A great wave of immigration to the New World was the result of the enormous political and religious disarray that struck England at that time. Families left for the New World in extremely large numbers. The long journey was the end of many immigrants and many more arrived sick and starving. Still, those who made it were rewarded with an opportunity far greater than they had known at home in England. These emigrant families went on to make significant contributions to these emerging colonies in which they settled. Some of the first North American settlers carried this name or one of its variants: Robert Sibballs a bonded passenger, who came to Virginia in 1736; John Sibbell, who came to Boston, Massachusetts in 1768; David Sibbald, who arrived in Jamaica in 1772.

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Motto


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Motto



The motto was originally a war cry or slogan. Mottoes first began to be shown with arms in the 14th and 15th centuries, but were not in general use until the 17th century. Thus the oldest coats of arms generally do not include a motto. Mottoes seldom form part of the grant of arms: Under most heraldic authorities, a motto is an optional component of the coat of arms, and can be added to or changed at will; many families have chosen not to display a motto.

Motto: Justitia
Motto Translation: Justice.


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Sibbul Family Crest Products


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Sibbul Family Crest Products




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See Also


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See Also




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Citations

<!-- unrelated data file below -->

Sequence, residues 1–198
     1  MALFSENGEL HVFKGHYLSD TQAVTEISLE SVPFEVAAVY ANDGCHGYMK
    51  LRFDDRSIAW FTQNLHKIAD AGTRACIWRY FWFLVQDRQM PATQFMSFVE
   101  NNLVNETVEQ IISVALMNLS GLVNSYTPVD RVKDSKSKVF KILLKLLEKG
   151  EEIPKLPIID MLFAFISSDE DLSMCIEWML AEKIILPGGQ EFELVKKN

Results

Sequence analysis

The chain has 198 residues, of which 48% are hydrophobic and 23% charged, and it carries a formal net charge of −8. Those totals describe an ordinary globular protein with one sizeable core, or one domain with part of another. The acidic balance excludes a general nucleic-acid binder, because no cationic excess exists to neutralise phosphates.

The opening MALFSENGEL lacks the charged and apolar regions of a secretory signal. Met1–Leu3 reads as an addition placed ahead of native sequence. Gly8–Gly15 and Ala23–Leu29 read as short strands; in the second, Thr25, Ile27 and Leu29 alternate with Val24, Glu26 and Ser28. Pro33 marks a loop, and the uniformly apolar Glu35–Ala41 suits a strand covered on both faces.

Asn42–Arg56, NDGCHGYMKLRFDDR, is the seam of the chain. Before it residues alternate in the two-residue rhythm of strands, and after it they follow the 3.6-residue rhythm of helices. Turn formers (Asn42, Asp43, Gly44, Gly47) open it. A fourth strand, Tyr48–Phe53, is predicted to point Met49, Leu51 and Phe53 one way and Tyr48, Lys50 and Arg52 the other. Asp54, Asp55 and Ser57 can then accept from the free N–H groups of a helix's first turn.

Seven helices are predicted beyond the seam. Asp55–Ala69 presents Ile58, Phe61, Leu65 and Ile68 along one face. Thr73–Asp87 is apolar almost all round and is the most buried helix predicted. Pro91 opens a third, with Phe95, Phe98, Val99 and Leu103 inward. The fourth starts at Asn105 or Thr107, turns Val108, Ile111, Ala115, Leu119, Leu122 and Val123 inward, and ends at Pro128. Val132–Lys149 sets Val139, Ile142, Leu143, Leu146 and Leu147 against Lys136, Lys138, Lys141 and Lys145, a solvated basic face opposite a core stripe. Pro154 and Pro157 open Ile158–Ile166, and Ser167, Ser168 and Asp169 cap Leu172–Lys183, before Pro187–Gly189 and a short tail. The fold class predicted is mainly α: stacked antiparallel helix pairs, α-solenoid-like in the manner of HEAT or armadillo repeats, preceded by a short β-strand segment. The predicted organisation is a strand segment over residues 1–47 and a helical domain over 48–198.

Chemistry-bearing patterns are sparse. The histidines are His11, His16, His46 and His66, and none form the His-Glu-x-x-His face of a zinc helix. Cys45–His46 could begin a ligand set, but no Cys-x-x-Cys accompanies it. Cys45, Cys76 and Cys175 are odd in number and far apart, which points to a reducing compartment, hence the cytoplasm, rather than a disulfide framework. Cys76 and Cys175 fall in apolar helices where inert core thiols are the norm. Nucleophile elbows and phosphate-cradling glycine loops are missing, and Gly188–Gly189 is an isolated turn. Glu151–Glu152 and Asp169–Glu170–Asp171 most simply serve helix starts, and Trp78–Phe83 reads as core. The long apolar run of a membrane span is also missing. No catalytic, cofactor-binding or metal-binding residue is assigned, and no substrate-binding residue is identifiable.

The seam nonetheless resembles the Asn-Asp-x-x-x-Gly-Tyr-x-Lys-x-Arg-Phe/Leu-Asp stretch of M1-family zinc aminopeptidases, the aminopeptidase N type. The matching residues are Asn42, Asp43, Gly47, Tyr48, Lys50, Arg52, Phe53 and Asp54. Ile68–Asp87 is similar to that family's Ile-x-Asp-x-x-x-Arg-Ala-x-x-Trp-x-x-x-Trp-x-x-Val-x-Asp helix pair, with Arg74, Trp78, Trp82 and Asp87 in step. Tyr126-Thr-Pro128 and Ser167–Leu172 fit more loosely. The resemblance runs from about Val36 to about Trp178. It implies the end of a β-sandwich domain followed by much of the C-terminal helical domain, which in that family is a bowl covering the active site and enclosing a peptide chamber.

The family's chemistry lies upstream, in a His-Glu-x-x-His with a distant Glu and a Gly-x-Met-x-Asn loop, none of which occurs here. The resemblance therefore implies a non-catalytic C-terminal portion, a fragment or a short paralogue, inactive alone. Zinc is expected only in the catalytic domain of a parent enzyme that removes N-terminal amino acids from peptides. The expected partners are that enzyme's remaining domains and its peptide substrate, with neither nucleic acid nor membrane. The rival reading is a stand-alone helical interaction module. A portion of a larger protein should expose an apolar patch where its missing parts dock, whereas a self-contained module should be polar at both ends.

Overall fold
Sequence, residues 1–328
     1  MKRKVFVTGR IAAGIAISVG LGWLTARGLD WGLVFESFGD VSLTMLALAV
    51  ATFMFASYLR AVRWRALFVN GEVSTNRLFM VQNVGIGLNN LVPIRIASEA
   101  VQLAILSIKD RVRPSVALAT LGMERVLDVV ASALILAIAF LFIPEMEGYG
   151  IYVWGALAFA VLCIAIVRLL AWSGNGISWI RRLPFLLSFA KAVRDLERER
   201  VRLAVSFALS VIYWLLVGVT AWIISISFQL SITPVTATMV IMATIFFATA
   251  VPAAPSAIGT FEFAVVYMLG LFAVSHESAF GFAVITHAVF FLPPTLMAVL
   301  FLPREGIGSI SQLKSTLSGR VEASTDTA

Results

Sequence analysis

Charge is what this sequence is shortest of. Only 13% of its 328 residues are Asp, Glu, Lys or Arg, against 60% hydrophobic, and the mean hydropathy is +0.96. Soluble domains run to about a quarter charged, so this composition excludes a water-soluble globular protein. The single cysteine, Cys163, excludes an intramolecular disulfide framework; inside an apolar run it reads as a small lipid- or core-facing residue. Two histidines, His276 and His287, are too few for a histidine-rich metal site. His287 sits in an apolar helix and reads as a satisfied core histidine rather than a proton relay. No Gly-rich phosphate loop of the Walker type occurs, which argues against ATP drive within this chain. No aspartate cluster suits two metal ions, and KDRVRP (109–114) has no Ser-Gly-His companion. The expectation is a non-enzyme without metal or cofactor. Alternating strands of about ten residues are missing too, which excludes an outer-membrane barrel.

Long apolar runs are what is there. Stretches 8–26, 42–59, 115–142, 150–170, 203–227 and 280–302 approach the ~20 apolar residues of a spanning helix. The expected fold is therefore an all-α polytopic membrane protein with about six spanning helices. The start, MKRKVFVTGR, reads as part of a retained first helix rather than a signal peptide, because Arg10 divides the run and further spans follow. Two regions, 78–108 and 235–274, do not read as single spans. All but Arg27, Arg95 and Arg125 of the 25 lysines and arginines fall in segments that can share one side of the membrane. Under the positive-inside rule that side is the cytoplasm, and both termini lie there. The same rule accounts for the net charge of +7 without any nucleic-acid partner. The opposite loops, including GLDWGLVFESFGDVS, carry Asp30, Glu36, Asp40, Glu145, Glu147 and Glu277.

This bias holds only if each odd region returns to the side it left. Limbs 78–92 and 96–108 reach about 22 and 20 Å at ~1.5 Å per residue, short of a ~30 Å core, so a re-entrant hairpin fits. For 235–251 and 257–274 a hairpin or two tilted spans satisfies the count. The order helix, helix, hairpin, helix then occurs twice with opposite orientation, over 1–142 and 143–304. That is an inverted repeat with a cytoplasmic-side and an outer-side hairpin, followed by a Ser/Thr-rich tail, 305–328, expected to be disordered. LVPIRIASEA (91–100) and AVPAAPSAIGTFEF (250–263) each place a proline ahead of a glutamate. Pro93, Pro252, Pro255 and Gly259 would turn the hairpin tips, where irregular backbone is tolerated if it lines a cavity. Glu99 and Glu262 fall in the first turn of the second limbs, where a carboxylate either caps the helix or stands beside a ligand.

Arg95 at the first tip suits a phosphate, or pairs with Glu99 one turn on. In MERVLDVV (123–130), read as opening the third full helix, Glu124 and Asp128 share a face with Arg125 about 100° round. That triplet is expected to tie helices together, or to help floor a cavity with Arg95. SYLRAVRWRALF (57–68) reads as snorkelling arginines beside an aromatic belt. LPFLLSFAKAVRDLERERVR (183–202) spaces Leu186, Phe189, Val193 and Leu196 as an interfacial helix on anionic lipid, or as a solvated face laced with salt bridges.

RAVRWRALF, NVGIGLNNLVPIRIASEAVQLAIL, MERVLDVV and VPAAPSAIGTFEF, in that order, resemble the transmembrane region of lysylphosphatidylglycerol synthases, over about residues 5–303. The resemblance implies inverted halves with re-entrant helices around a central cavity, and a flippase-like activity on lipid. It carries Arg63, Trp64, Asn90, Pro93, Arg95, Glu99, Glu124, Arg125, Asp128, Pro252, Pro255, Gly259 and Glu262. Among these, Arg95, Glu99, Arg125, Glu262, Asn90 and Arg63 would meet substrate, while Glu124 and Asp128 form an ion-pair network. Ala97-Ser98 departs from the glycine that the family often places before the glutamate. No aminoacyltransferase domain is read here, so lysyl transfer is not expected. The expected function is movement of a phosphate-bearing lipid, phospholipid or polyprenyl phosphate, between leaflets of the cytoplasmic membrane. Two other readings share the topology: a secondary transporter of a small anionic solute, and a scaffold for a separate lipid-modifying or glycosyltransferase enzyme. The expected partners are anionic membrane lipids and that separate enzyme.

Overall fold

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Citations



  1. ^ Lowe, Mark Anthony, Patronymica Britannica, A Dictionary of Family Names of the United Kingdom. London: John Russel Smith, 1860. Print.

Other References

  1. Bain, Robert. The Clans and Tartans of Scotland. Glasgow & London: Collins, 1968. Print. (ISBN 000411117-6).
  2. Hanks, Patricia and Flavia Hodges. A Dictionary of Surnames. Oxford: Oxford University Press, 1988. Print. (ISBN 0-19-211592-8).
  3. Magnusson, Magnus. Chambers Biographical Dictionary 5th edition. Edinburgh: W & R Chambers, 1990. Print.
  4. Hinde, Thomas Ed. The Domesday Book England's Heritage Then and Now. Surrey: Colour Library Books, 1995. Print. (ISBN 1-85833-440-3).
  5. Bradford, William. History of Plymouth Plantation 1620-1647 Edited by Samuel Eliot Morrison 2 Volumes. New York: Russell and Russell, 1968. Print.
  6. Barrow, G.W.S Ed. The Charters of David I The Written Acts of David I King of Scots, 1124-53 and of His Son Henry, Earl of Northumerland, 1139-52. Woodbridge: The Boydell Press, 1999. Print.
  7. Holt, J.C. Ed. Domesday Studies. Woodbridge: Boydell, 1987. Print. (ISBN 0-85115-477-8).
  8. Robb H. Amanda and Andrew Chesler. Encyclopedia of American Family Names. New York: Haper Collins, 1995. Print. (ISBN 0-06-270075-8).
  9. Burke, John Bernard Ed. The Roll of Battle Abbey. Baltimore: Genealogical Publishing. Print.
  10. Skordas, Guest. Ed. The Early Settlers of Maryland an Index to Names or Immigrants Complied from Records of Land Patents 1633-1680 in the Hall of Records Annapolis, Maryland. Baltimore: Genealogical Publishing, 1968. Print.
  11. ...

The Sibbul Family Crest was acquired from the Houseofnames.com archives. The Sibbul Family Crest was drawn according to heraldic standards based on published blazons. We generally include the oldest published family crest once associated with each surname.

This page was last modified on 16 December 2016 at 07:01.